The Secret Life of Words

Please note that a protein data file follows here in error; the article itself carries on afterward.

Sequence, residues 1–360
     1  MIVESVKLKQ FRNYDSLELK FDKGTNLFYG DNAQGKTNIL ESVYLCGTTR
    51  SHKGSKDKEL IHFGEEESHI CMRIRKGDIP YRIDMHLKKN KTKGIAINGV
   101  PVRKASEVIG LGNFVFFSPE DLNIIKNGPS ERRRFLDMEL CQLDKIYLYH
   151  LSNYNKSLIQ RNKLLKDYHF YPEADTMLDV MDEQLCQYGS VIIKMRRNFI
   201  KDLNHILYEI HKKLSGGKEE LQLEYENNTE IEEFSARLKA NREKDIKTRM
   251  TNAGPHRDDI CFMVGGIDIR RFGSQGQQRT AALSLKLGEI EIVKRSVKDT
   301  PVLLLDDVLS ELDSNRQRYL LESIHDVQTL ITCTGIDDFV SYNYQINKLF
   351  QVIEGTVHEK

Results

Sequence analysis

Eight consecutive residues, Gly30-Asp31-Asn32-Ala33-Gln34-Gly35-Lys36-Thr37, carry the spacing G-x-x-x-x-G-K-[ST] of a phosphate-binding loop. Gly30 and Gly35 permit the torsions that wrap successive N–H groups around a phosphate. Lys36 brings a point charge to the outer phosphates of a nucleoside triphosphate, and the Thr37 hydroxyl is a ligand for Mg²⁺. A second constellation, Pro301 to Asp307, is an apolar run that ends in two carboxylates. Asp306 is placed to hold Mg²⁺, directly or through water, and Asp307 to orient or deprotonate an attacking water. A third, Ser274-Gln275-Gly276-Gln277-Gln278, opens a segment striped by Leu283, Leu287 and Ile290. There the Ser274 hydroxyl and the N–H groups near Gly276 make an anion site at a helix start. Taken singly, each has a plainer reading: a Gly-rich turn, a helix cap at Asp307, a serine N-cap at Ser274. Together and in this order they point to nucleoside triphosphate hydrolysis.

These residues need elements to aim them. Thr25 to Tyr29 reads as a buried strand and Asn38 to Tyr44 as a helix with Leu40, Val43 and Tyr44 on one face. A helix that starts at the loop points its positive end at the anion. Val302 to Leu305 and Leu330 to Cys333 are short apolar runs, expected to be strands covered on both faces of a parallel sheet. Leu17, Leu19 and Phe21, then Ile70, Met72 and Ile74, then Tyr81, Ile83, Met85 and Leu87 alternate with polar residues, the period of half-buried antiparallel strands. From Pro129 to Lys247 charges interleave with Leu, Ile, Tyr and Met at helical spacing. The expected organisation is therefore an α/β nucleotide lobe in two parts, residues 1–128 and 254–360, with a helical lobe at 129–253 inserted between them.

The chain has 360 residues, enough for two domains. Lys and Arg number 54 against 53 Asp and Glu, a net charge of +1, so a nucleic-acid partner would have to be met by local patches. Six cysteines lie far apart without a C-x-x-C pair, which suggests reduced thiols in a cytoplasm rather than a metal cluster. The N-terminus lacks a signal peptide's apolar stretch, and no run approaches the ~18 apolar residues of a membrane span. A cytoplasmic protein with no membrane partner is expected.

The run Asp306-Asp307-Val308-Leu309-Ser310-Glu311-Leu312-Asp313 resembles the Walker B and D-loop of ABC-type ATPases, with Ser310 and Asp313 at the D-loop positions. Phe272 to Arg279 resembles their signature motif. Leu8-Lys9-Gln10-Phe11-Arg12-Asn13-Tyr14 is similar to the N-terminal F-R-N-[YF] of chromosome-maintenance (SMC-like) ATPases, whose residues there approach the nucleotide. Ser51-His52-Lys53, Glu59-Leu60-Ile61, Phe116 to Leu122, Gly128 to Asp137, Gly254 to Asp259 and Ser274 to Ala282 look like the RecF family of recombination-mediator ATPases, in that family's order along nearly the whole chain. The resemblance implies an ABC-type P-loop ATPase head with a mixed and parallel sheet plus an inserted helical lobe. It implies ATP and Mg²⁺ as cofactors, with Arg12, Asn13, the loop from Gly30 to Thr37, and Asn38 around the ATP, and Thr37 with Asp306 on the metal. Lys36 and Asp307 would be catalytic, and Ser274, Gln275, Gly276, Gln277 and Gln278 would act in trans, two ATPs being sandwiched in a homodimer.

Tim Robbins has proven himself an actor who can handle lengthy monologues and hokey dialogue (see, respectively, The Shawshank Redemption and Bull Durham). But either Robbins himself or director Isabel Coixet fails him in his interminable question-and-no-answer sessions with Sarah Polley. Hanna (Polley) is a quiet, nearly deaf, OCD-afflicted warehouse worker from the former Yugoslavia who has come to vacation in Ireland but ends up on a deep-sea oil rig, where she nurses the loquacious and flirtatious Josef (Robbins), who was badly burned and temporarily blinded in an accident on the rig. Polley acquits herself better than Robbins, maybe because Hanna doesn't have to talk much, but she also ends up with some terrible dialogue to overcome. The Secret Life of Words eventually comes to its point, with Hanna's revelation of what made her the way she is, but this confession comes too late, as we've already stopped caring about these characters (no less the other quirky enigmas wandering the oil rig). Words' subjects are deeply serious, making viewers feel guilty not for the crimes against humanity they are complicit in, but for not liking this movie, whose shoddy structure and, well, words fail its themes.